Casinos Are Making a Bet on Virtual Reality

What happens in your headset stays in your headset.

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Human brains are already wired to enjoy gambling, and there’s evidence that virtual reality is addictive too. What happens when these two powerful entities collide?

Inverse got a glimpse of this intersection at the inaugural VR/A.R. Gambling Conference in Prague this month. The event saw business leaders and technologists from the gambling and virtual reality worlds come together to talk about the present-day state of VR gambling and its potentially lucrative future.

To hear the experts talk about it, virtual reality gambling is bursting with potential. The first virtual reality casino, SlotsMillion VR, has been in operation since 2015; gamblers can interact with each other and play slots and other games in a virtual space — and these will only get more elaborate.

VR could also unlock exciting new games for betting. One conference speaker explained that, nowadays, you’d never bet on the outcome of a sword fight to the death — but in the future you might put two players inside a competitive sword-fighting VR game and wager real money on the outcome.

VR could also give a boost to physical casinos. With a 360-degree camera on every card table at a physical casino, for example, virtual gamblers might participate remotely in the same game as in-the-flesh casino guests. And that kind of setup could certainly change how gambling events like the World Series of Poker are broadcast, letting VR viewers have a live view in any direction at whichever card table they wanted.

At the registration desk for the first-ever VR/AR Gambling Conference.

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For now, VR gambling is more fantasy than reality, as some big names at the conference admitted.

Alexandre Tomic, co-founder of the company behind SlotsMillion VR, said his virtual reality casino hasn’t exactly taken off. Without disclosing specific numbers, he said “there’s no business in VR yet,” and he admitted to using it in his own business as “a gimmick.” Tomic is optimistic about the future though, saying VR will reshape everything on a long enough timeline, eventually “doing to mobile what mobile did to desktop.”

Some people are looking to VR to take on other parts of the casino experience, including family-friendly games, parties, shows, and, yes, strippers.

“Millennials don’t care about roulette,” said Disney-Imagineer-turned-VR-consultant Kevin Williams. “That’s something for their grandparents; it holds little sway today as the gaming industry reforms in response to technology. One casino reported that sixty percent of its revenue — more than half — nowadays comes from food and entertainment, not games.”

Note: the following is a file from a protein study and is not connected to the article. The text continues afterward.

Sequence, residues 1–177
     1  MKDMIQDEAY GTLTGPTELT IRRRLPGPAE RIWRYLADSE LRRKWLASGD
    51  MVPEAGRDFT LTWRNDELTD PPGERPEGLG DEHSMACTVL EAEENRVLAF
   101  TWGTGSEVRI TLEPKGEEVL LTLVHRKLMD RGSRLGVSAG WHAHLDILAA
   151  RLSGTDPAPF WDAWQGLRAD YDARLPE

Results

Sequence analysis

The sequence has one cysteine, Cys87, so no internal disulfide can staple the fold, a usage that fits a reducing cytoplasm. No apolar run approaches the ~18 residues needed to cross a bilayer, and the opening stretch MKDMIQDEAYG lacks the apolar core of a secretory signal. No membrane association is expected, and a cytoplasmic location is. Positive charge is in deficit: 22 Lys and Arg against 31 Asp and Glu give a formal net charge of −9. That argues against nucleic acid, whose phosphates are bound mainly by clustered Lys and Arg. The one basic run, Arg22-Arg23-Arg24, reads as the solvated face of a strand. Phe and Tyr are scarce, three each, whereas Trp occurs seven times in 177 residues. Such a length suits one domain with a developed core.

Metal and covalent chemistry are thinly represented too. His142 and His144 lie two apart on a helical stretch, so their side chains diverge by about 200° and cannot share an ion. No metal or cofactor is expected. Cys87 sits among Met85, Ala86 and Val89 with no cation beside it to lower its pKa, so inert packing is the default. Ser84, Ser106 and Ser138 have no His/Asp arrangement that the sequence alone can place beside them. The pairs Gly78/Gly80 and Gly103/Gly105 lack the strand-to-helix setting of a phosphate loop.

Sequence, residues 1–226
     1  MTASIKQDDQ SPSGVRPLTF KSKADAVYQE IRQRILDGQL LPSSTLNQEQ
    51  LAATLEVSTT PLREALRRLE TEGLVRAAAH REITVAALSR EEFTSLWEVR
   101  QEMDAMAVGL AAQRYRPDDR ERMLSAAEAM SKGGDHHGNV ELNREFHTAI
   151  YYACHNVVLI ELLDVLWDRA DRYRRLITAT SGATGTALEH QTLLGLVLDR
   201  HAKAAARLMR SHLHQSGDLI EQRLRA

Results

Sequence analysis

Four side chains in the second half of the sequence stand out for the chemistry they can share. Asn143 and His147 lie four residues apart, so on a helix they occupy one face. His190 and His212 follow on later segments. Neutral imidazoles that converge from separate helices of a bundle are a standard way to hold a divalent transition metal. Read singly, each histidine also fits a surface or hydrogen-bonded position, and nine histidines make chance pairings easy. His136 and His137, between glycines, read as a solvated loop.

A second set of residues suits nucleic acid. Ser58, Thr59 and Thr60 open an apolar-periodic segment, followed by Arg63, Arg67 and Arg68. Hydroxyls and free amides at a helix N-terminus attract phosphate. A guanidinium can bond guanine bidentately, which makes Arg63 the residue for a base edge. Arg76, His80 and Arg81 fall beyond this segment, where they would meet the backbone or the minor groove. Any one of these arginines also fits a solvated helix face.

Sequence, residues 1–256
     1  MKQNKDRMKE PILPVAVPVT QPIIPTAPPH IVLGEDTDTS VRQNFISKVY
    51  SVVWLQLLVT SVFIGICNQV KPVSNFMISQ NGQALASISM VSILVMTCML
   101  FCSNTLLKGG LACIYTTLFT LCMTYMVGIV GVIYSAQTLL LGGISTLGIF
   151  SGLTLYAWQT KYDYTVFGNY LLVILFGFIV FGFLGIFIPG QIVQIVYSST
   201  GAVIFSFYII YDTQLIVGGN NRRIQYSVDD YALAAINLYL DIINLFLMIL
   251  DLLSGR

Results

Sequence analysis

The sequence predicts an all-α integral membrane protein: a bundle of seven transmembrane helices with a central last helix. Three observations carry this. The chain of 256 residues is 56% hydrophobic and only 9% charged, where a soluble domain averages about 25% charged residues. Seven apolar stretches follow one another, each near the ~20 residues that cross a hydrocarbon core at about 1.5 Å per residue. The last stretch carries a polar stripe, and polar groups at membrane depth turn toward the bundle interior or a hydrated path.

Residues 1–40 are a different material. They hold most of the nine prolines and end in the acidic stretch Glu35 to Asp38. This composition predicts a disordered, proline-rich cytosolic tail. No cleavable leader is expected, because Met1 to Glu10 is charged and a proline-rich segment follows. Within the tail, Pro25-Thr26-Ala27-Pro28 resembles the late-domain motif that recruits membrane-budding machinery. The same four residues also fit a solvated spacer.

Williams is a proponent of “mixed reality” — having a VR user interact with limited real-world elements while engaged more immersively in a virtual environment. He showed off a VR-equipped bumper car game he had worked on, in which the drivers and passengers wear full headset gear as they crash into each other. Moving their vehicle through the real world, software tracks participants’ positions in the virtual world, showing them the environment and virtual representations of other players.

So will we be hauling ourselves to virtual parties in Vegas in the future? Perhaps! But we’ll also be partying on the tops of mountains, at the bottom of the ocean, and on the surface of the moon.

A conference attendee tries out a VR experience.

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Another big question for the industry is dealing with the “simulation sickness” that some people get when putting on headsets.

Alexander Bragin, virtual reality game designer and CEO of VR2Go, says this happens only when a VR experience is poorly designed. It’s “a mismatch between your feelings,” he says. “If you’re still in the real world but moving in the virtual world, of course it’s going to be disorienting.” (VR designers can add a cockpit to a user’s field of view in order to solve this problem gracefully.)

Then there’s the challenge of creating VR content. Artur Sychov, investor in Germany-based VR firm I-mmersive, says a big part of this is making it easier for people to produce their own 360-degree videos. His company makes virtual reality hardware and software, most notably the Veye 360 camera. Selling for just over $1,200 USD, I-mmersive’s camera can shoot in 4K quality for 24 hours a day, storing its 360-degree footage in the cloud — it’s an all-in-one solution for applications ranging from VR production to home security.

In short, for all the excitement about the future, it’s clear that VR gambling is in its very early days. Indeed, several speakers at the conference pointed out how there were only a modest 40-50 people in attendance. And yet: the speakers all agreed on the basic idea that VR gambling, sooner or later, will hit the scene in a major way.

When it comes to the intersection of virtual reality and gambling, the experts are making long-term bets.